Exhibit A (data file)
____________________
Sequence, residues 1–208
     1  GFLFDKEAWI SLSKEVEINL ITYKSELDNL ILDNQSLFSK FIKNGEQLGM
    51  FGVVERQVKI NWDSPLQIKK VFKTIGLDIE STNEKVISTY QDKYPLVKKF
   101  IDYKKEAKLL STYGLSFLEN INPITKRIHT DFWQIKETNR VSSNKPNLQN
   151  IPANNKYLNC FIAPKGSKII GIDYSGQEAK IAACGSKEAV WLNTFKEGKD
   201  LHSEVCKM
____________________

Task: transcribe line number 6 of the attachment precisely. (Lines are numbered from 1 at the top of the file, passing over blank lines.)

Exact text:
   201  LHSEVCKM